Or Big & Rich’s “Save a Horse (Ride a Cowboy)”... Well, no lyrics needed. The song is a hoot and I’m a fan of its title concept.

Then there is Eric Church’s “Like a Wrecking Ball,” which might possibly qualify as “country erotic” for some: Crash right through the front door, back you up against the wall… I wanna rock some sheet rock, knock some pictures off the wall…”

And even A Thousand Horses’ comparing a woman to a cigarette (I never imagined such a caustic habit could be sexy, but the yearning in the singer’s voice is addicting): I’m breathing her in, breathing her out, once I pick her up I can’t put her down…

All this, plus the fact they can make nearly any word rhyme (that would be the twang working). So, yeah, I’ll be listening to Country for a while longer. ‘Cuz it’s completely sexy. As I’m always looking for musical inspiration, regardless of genre… What are some of your favorite “sexy” songs? (please, don’t anyone recommend “Truffle Butter”)

Thursday, October 1

October Glee!

 Today I woke up to a low mist and chill temps. Welcome October! God, how I've missed you.

There are so many things I love about October that I'm going to tell you them in no particular order.

The amazing colors--rich reds, oranges and yellows. Only in October do we describe red in so many variations. Cranberry, cherry, maroon, burgandy, wine...

The piles of pumpkins and squash surrounded by dried stalks of corn when you go to the grocery store.

The sounds--crinkly leaves, tapping rain, whispering winds, and the call of geese and ducks as they fly overhead going south.

 The smells--burning leaves, spiced cider simmering on the stove, and chili soup.

Fall storms--After this year's hot, hot--too hot--summer, I'm ready for heavy rains and strong winds. And I hope they come when I can sit and watch out my window. I've been known to open our patio door so I can  get a real good listen and view.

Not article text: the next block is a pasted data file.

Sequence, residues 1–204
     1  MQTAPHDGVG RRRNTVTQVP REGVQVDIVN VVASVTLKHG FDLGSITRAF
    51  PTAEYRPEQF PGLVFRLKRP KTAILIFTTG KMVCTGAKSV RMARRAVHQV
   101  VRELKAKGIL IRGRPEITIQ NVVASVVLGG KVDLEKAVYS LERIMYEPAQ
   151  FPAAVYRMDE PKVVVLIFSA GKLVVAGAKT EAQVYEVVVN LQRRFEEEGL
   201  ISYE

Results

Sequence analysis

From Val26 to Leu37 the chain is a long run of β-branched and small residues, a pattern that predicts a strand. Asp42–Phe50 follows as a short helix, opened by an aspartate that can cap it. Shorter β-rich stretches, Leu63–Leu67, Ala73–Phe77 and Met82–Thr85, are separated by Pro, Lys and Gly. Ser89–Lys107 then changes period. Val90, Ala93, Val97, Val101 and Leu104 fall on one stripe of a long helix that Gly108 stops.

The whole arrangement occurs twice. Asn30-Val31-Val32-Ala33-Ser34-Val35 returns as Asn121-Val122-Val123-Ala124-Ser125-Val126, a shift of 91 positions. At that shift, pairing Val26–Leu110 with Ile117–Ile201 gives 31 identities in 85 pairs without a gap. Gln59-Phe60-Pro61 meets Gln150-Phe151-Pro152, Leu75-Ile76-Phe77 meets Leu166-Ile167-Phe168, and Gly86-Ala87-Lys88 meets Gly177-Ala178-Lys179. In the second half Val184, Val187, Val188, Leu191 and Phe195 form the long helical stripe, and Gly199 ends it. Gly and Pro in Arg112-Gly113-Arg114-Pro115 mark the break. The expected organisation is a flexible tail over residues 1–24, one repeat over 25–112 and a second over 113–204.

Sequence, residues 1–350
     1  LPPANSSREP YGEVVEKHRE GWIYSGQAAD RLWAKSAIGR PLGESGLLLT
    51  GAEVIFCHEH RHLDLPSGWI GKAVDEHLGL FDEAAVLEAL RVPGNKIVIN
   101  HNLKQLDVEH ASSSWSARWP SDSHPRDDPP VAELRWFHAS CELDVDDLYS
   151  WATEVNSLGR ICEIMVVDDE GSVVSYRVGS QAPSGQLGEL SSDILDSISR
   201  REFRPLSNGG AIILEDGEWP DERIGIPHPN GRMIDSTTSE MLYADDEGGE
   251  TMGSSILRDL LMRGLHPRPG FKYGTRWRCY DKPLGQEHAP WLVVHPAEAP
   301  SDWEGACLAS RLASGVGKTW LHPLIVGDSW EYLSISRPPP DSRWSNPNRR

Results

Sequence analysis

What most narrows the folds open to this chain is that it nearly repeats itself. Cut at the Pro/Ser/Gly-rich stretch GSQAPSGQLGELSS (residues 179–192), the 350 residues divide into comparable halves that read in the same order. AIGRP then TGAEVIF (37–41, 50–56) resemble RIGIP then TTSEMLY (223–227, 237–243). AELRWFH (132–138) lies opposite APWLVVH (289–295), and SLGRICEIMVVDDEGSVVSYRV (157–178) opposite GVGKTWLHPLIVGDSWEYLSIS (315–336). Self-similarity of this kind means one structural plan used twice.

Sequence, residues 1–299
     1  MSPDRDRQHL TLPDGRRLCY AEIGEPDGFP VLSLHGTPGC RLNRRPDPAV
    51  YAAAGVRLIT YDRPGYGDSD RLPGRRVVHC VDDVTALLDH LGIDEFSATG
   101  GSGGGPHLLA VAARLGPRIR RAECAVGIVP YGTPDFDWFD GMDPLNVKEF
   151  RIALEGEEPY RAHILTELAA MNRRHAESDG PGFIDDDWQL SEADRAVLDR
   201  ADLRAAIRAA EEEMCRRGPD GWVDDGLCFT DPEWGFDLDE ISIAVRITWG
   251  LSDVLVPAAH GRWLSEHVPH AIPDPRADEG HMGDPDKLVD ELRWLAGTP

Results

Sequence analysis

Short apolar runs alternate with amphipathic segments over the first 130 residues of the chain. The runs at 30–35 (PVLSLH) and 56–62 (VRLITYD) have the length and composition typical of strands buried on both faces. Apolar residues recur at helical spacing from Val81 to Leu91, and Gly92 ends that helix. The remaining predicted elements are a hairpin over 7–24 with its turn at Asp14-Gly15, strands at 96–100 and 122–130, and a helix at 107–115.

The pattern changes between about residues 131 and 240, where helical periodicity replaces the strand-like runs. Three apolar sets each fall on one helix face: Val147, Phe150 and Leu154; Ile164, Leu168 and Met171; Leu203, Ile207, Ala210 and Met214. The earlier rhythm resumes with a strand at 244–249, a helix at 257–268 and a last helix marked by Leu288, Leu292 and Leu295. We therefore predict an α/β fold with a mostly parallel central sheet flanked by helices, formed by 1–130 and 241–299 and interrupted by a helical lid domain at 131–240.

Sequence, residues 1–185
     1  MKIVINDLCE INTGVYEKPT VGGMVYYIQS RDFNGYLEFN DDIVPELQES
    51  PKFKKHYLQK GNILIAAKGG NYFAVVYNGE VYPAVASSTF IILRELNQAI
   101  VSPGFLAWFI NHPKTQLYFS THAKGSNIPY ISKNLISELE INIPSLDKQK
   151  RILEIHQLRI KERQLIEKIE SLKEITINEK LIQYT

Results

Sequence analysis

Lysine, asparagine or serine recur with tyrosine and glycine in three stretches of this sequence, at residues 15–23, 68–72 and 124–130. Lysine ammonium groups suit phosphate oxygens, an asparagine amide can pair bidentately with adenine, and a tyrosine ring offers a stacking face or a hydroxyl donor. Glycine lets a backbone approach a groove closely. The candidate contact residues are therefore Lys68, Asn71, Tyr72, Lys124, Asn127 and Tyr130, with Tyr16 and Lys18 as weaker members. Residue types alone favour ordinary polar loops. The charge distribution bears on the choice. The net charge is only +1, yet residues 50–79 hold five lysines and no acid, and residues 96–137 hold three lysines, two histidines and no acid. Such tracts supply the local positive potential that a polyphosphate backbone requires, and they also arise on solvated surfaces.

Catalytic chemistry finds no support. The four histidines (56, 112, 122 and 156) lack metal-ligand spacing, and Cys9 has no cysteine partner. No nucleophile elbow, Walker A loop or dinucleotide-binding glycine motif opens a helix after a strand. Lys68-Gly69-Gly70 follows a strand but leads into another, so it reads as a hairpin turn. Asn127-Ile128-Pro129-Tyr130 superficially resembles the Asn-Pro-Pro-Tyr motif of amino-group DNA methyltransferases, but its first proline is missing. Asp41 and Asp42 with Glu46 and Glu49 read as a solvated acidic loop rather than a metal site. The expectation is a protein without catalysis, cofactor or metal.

The new TV season and the beginning of the Oscar race. Love it when my old shows go back and I get  chance to meet some new ones. And I love when the movies take a turn from Summer fluff to Fall finesse.

There's so much more I could come up with, but I'd like to get this posted before the first is over. So, tell me, what's your favorite part of October?

Wednesday, September 30

A Little Rejuvenation

We have a bit of a theme going lately here at WordWranglers: one of rejuvenation. A couple of weeks ago Nan & Liz gave us photo-diaries of their writer's trip around Lake Michigan, and over the summer (I think!) they had another writer's retreat. This past weekend, I attended a retreat of my own.

My former-RWA chapter, now the Maumee Valley Romance Authors, Inc. group, rents a lake cabin in Michigan every fall; 10-15 of us get together to write, plot, brainstorm, laugh, talk over business problems, eat, laugh some more, talk about our families, share funny anecdotes, laugh, get way too little sleep and start it all over again. We go to the cabin Thursday - Sunday, and we actually get things done!

This weekend we plotted 17 novels/novellas, talked about the industry and what we think is coming next, and had way too much fun coming up with merkin stories (I'd tell you, but I'd have to ... well, you might snort coffee). Over a bonfire we dissected Moonstruck and a couple of other romance movies, and shared a lot of information. As an aside, if anyone tells you all romance authors are stingy with information, they aren't. Some might be, but by and large I've found the romance industry to be filled with strong women who don't mind sharing what they've learned.

Back to the writer's retreat.

I know I'm fully capable of plotting a book on my own. I've done it numerous times. What I like about brainstorming a plot idea with other writers is the give and take of ideas. One writer may focus on Goals while another has a good take on Motivation and yet another reminds us about Conflict. On my own I might dive right in to the story without truly thinking about what happens after the meet-cute or how to keep that conflict growing throughout the book...but talking it through with other writers helps me get it right the first time.

Have you attended a writer's retreat? What did you like about it?